Essay by Emma Wilkins and Wes Foster
Photography by Emma Wilkins
The white washed gallery wall is typically a vast vertically and horizontally extended space, and is sanctified by the eerie quiet of the reverence we award to work situated upon it. Compare to this the page of the photobook. A body upon which shades of light can perform, waning in visibility as shadows fall in concaves, and in geometric compositions that arc in a push-pull clinging rhythm, as the volume’s spreads are leafed over, one after another. And then there is the spine. Strong, centralised, a book’s spine is a tree's trunk and lies in parallel with its namesake, the series of supporting structures nestled within the human body. In this way the body of the printed work is a kind of Real Fiction. It is a textual flesh. The photobook reflects the structural, sculptural qualities of the human body. Without consideration in the design stage of the work, the perfect bound book cannot be leafed fully apart without a splitting, without a varying quantity of visual information, whether negative space or printed visual element, being lost to and immersed invisibly within the gutters of the spread. Such qualities, by comparison to the gallery wall, my feel incongruous and antithetical as exhibitor of photographic art.
Unlike anything else, the photograph is nearly entirely dependent on its context – which is why photography uses so prolifically the white wall to display work, this act is to get rid of extraneous information and allow the ideas of the work to be sat alone, dependent on nothing. Yet the image is also the thing that we see all around us – it is the thing which informs daily, and has allowed our transition into a much more visual culture. We now see hundreds of images a day – as I write this on Word, an image of a highlighter depicts the tool to highlight, an image of a rubber depicts the tool to erase. Either because of the way technology has developed, or the way in which we have learnt to read the world around us, images, and symbols are the basis of our culture. We think of a painting as an object, separate to us. Though the contexts can be changed when we look at a painting through a book or a television screen, it is still historically fixed to the way we read art, we still recognise the painting as an object of art. The photograph is not afforded this luxury – the photographic image is dependent upon whatever is around it in order to find its meaning. It has no fixed place. One moment it can be a snapshot, the next an advertisement and then find itself in a gallery, as part of an exhibition. This is of course a rather crude example, but it gets the point across that whilst the image may never change, the contexts in which it is seen give the meaning to it, according to what is around it. No other form is capable of that, even if we see a painting in a restaurant or a living room it is an object of art – the photograph is not, and is transient, ever capable of being re-contextualised; much like drawing it is seen foremost as a recording of information. The nuance of order has huge implications in photography upon the way the work itself is rendered and encoded: the putting together of a photobook then is very selectively considering how each work complies or jars with the next: like in the editing any book, or essay, it is making sure that the pieces fit together in the right order to still make sense or not make sense. It is the creation of something which is supposed to be read in a certain way.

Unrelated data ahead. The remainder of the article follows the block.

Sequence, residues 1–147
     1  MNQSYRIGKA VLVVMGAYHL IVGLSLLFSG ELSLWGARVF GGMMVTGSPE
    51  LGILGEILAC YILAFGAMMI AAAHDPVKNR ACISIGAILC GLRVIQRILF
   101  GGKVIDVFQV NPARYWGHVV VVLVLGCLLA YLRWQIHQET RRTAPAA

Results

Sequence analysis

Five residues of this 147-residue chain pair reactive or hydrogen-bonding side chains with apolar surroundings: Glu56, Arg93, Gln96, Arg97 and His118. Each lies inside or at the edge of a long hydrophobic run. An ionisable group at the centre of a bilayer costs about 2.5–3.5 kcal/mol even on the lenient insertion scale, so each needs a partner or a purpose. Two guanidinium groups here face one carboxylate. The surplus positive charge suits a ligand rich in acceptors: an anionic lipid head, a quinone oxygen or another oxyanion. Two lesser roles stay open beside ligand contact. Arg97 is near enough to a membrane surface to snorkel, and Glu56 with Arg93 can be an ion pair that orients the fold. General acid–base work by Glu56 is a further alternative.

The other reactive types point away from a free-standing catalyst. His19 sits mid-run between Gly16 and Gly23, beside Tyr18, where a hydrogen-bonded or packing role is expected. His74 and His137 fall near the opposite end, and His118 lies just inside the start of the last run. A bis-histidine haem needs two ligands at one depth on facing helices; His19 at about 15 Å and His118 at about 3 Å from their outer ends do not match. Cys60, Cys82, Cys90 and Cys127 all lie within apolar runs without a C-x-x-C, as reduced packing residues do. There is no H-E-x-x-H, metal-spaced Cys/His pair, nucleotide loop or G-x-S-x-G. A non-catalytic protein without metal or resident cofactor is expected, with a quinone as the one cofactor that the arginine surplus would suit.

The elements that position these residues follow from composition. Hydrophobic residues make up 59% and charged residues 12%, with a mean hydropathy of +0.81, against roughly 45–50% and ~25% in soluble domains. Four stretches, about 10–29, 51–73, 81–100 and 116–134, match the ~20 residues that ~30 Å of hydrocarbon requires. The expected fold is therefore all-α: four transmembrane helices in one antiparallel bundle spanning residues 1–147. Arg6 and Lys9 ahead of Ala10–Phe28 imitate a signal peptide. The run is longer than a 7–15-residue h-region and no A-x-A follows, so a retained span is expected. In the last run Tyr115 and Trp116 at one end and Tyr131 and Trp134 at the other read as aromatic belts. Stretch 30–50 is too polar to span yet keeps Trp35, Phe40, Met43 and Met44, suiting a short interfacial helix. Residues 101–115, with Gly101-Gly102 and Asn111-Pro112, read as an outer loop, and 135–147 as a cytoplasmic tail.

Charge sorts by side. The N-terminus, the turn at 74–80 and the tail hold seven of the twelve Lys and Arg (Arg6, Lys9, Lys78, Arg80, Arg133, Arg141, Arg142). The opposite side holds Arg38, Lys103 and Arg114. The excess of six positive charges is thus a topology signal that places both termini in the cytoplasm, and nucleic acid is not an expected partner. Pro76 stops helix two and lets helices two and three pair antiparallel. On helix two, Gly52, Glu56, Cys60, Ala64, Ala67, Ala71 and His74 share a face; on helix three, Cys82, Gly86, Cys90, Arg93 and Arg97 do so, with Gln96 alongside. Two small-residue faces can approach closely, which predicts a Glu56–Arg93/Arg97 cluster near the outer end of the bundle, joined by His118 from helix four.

If photography is a referential medium, it is because, broadly speaking, it lacks the pictorial qualities associated with painting. If we are to use the well used (and better contested) mantra of the photographic as the Pencil of Nature; Its referential quality means that, in staged and performative photographs, ceremonies are played out on the level of the personal, of the real, the banal. In terms of the subject, there exists multiplicitous ways that photography can re-present the range of human experience and activity. These methods may combine and evolve to embody a kind of fluxus sensibility; combining of mediums to create a more of a total work, take for example the ongoing collaborative projects by Rut Blees Luxemburg & Alexander García Düttmann, which include the Self Publish Be Happy-published The Academic Year, which, draws equally from the languages of literature and the photographic by being offset printed, the book presents drawings, photographs and type, upon traditional paper pages of a Penguin-style paperback novel, with the visual quality and execution of an artists book.